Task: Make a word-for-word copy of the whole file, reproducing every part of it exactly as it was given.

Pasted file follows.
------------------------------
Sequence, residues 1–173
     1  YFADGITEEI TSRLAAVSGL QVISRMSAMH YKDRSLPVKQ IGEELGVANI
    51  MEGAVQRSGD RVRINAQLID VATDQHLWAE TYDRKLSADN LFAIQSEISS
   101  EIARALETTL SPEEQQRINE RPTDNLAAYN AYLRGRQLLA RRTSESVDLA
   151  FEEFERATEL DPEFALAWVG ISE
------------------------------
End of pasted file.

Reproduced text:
Sequence, residues 1–173
     1  YFADGITEEI TSRLAAVSGL QVISRMSAMH YKDRSLPVKQ IGEELGVANI
    51  MEGAVQRSGD RVRINAQLID VATDQHLWAE TYDRKLSADN LFAIQSEISS
   101  EIARALETTL SPEEQQRINE RPTDNLAAYN AYLRGRQLLA RRTSESVDLA
   151  FEEFERATEL DPEFALAWVG ISE